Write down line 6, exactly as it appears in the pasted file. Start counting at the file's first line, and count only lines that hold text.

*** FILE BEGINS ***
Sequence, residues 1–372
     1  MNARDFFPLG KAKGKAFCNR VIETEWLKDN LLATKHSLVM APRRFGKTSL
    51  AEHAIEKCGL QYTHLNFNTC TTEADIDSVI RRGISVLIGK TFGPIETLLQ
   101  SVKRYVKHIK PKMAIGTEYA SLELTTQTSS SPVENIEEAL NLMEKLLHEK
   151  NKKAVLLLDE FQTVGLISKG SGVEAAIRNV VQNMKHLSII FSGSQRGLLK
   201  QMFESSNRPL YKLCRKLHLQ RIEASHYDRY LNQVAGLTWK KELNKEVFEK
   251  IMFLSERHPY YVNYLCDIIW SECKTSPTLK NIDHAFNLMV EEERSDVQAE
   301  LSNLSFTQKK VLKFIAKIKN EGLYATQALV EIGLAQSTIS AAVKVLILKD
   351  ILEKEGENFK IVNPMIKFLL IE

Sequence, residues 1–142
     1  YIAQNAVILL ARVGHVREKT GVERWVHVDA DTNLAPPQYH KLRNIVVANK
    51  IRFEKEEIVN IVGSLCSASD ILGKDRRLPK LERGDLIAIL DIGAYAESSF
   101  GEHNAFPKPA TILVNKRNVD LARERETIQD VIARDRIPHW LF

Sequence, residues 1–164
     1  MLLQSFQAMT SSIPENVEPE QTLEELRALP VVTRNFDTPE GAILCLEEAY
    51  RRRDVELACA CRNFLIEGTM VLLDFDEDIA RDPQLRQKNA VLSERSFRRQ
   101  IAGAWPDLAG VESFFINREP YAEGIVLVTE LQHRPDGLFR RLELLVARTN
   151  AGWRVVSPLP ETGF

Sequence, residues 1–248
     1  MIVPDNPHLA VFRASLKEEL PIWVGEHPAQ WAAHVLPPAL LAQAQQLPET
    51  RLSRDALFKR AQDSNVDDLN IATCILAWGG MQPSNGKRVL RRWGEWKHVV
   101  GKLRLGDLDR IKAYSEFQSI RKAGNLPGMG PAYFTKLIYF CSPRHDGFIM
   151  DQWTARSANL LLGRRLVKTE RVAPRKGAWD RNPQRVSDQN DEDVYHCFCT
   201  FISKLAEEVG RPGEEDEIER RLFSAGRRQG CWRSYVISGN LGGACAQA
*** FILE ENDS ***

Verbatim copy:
   201  QMFESSNRPL YKLCRKLHLQ RIEASHYDRY LNQVAGLTWK KELNKEVFEK